County wants to intervene in Ford challenge


Hawaii County is asking a 3rd Circuit Court judge to allow it to intervene to help defend Bobby Jean Leithead Todd’s position as Environmental Management director after discovering that Councilwoman Brenda Ford’s petition challenging her relies on a relatively obscure legal premise that prevents the county from doing so.

Ford’s petition, “in the nature of quo warranto,” asks the court to compel Leithead Todd to come forward and justify her qualifications for her position. Quo warranto is most commonly used in Hawaii to challenge elected officials’ qualifications for office, if for example, they don’t live in their district. It also was tried unsuccessfully by the so-called “Birther” movement in challenging President Barack Obama’s birth certificate and citizenship and thus his qualification to be president.

Deputy Corporation Counsel Laureen Marten said the case law is clear from a Hawaii Supreme Court ruling on a Maui case that the county isn’t obligated to defend Leithead Todd in this type of action. But the county wants to be involved, she said, because “we have an interest in the outcome.”

She said the county on Friday filed a motion to intervene.

Leithead Todd has hired her own attorney, but she declined Wednesday to discuss the case or even provide her attorney’s name.

“I am hiring my own lawyer to represent me,” Leithead Todd said.

Judge Ronald Ibarra has set an 8:30 a.m. Oct. 9 hearing date on the case. The hearing will be in Kona.

In a petition filed Aug. 8, Ford’s attorney, Michael Matsukawa, cites the county charter’s requirement that the DEM director have “an engineering degree or a degree in a related field.”

“Since the respondent Bobby Jean Leithead Todd does not have an engineering degree or a degree in an engineering-related field, the respondent does not have the qualification required to hold the office of director of the Department of Environmental Management for the county of Hawaii,” the petition states.

Matsukawa did not return a phone message for comment on why he chose an action against Leithead Todd directly, rather than against the county or the mayor, who appointed her to the position.

The County Council, by a 6-3 vote, confirmed the appointment in July. Ford, North Kona Councilwoman Karen Eoff and Kohala Councilwoman Margaret Wille voted no.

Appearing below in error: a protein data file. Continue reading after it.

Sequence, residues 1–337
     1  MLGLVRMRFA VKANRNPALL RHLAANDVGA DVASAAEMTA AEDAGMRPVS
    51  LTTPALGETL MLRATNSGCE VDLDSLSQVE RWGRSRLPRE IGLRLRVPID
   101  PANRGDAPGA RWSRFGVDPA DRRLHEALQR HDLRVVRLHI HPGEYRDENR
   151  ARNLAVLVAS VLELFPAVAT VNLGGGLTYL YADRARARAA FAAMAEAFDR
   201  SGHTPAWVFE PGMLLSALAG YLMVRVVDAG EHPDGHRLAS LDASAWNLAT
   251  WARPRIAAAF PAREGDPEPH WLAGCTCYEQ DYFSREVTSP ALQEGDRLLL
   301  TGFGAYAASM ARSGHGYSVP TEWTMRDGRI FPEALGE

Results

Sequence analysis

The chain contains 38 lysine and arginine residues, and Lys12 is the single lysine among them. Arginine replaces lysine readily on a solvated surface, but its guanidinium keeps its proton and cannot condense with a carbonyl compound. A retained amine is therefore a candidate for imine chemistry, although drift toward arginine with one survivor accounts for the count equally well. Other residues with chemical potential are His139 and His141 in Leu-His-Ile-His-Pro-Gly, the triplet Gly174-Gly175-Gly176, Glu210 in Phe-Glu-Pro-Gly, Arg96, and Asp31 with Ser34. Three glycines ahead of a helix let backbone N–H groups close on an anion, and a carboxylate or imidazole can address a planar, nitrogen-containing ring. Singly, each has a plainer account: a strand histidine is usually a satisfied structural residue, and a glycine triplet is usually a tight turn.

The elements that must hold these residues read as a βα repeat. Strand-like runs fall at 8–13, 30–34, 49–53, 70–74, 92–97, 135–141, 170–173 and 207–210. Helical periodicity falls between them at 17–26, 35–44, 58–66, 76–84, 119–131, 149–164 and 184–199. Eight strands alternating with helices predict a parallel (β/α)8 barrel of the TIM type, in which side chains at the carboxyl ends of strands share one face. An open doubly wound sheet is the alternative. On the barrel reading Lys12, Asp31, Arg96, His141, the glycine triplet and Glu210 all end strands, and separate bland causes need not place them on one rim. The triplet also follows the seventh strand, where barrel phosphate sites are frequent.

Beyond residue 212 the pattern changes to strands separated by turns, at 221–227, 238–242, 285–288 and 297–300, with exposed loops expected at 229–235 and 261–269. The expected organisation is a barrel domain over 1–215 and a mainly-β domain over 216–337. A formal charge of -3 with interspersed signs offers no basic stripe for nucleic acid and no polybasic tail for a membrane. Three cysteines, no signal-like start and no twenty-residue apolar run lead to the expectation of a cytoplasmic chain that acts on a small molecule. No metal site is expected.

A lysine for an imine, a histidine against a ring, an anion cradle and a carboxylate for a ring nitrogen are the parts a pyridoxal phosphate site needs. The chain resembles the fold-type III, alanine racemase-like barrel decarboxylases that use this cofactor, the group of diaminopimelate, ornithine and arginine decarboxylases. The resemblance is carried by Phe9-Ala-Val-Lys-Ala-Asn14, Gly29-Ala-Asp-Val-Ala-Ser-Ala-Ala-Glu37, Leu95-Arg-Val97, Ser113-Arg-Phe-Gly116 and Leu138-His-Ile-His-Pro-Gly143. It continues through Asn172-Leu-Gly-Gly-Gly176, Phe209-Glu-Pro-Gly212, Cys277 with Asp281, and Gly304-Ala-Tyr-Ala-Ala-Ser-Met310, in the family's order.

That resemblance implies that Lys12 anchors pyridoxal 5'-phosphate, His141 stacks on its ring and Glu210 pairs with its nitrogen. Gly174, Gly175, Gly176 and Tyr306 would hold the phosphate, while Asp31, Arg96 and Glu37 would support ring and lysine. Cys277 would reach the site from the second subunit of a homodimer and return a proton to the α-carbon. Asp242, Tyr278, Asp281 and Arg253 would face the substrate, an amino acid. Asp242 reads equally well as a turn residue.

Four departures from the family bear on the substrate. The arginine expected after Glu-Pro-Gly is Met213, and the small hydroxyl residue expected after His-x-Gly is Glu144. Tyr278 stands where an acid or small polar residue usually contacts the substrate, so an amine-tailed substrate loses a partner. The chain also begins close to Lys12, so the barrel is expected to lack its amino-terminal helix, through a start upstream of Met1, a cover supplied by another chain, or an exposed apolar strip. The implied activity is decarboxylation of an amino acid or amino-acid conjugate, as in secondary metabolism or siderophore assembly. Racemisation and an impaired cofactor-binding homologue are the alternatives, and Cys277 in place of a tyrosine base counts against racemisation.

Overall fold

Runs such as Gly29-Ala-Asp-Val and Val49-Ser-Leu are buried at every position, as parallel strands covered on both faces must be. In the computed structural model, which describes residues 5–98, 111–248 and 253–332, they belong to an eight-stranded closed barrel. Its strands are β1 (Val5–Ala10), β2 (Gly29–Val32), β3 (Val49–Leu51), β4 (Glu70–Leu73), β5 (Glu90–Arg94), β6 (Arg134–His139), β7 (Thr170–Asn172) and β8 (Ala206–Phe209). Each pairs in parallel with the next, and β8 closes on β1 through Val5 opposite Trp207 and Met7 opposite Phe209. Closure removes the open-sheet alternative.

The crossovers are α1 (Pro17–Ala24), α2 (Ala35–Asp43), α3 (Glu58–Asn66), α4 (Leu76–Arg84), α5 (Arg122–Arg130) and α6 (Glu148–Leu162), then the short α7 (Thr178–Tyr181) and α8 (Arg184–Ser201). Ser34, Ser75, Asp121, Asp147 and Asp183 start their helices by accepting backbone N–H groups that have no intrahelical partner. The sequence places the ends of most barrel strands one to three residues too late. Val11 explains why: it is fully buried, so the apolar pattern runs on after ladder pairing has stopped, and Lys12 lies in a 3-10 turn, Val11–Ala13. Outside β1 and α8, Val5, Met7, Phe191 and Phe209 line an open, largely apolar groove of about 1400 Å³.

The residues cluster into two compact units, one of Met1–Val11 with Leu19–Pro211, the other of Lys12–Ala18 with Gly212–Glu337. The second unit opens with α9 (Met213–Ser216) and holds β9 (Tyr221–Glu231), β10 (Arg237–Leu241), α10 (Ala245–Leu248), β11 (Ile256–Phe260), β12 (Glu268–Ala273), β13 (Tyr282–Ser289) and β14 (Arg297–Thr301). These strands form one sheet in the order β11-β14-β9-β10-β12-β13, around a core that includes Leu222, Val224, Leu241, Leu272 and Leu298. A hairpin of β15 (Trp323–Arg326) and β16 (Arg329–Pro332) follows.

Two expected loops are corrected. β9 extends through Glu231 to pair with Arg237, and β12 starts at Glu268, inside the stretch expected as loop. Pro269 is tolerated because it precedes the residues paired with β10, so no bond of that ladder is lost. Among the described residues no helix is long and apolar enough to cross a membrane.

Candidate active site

The petition is seeking legal fees from Leithead Todd, in addition to a ruling that Leithead Todd be “restrained from performing the duties of that office.” If Leithead Todd, using her own attorney, wins the case, she in turn can ask the county to reimburse her legal fees.

Mayor Billy Kenoi had named Leithead Todd to the position in a Cabinet reshuffling earlier this summer.

Leithead Todd has a bachelor’s degree in English and a law degree from the William S. Richardson School of Law. She was director of the Department of Environmental Management for two years under former Mayor Harry Kim, before the charter was amended to require the engineering or related degree.

Leithead Todd was deputy corporation counsel for nine years, from 1987 to 1993 and from 2003 to 2007. She also served as the legislative auditor for the county and as a member of the County Council from 1996 to 2003. Most recently, she served as planning director since Kenoi’s election as mayor.

Kenoi said that the charter requirement for Environmental Management director is different from the requirement for Public Works director, which states that “the director shall be a registered professional engineer.”

But Charter Commission members, during discussions of the proposed engineering requirement for Environmental Management director, talked about related fields as being in hard technical sciences such as environmental science, according to the minutes for the Jan. 21, 2010, meeting. Eoff, who had served as secretary to the commission, said her recollection of the meetings led to her vote against confirming Leithead Todd.

Voters in 2010 passed the ballot amendment by a vote of 34,209 to 9,787.